The Rocky Mountains pose a serious obstacle to blitzkrieg tactics
The Rocky Mountains pose a serious obstacle to blitzkrieg tactics

Difficult terrain and weather can do more than any other factor to sabotage your success. There is plenty of room to maneuver on the large 2D maps, but natural obstacles prevent your Tigers from roaming about willy-nilly. While marshes or mountains slow down your advance, rivers are the most pernicious bottlenecks to overcome. Bridges over rivers are important objectives and are often fiercely defended. If you can't wrest control of a bridge, then your troops may be forced to waste a turn crossing the river, during which time they are easy prey for enemy units. This problem may be overcome with the aid of engineers, whose presence on a river acts as a temporary pontoon bridge, letting your forces bypass heavily guarded river crossings and envelop your surprised enemy. Terrain can also be advantageous; your units may zip quickly down roads, and you can use railroads to strategically redeploy units over vast distances. Yet, even good infrastructure can't help you if the weather turns nasty. Nothing slows an offensive quite like mud or frozen ground.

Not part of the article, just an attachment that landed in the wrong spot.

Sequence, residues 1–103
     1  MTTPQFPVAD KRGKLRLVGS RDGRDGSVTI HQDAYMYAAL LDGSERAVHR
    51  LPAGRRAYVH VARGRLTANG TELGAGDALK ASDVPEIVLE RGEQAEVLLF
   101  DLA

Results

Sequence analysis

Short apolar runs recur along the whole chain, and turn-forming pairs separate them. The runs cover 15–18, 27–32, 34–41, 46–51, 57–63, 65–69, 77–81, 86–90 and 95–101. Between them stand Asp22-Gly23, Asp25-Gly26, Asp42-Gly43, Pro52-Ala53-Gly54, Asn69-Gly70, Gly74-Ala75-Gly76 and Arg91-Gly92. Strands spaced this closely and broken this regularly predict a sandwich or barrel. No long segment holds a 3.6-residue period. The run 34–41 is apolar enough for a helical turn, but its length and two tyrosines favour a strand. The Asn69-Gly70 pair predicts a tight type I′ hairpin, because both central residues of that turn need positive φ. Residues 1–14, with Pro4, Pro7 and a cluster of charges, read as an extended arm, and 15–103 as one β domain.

Multiplayer is limited to hotseat and play-by-email, but the PBEM server works very well. For instance, it's extremely easy to initiate or join a game, and you can check the status of your games without rummaging through your inbox. The multiplayer scenarios place players on a generally even footing (though there are handicap options), which means that a lot of the tension comes from fretting over whether General Anonymous made better use of his prestige than you did. Diversifying your army is very important in multiplayer battles. For instance, heavy tanks may look awesome, but they can break against a rugged defense. If you spent all your resources on those monstrosities, you won't have anything to stop the enemy's reconnaissance vehicles from capturing all of your cities. Multiplayer games can last up to 30 turns, allowing for some truly epic battles.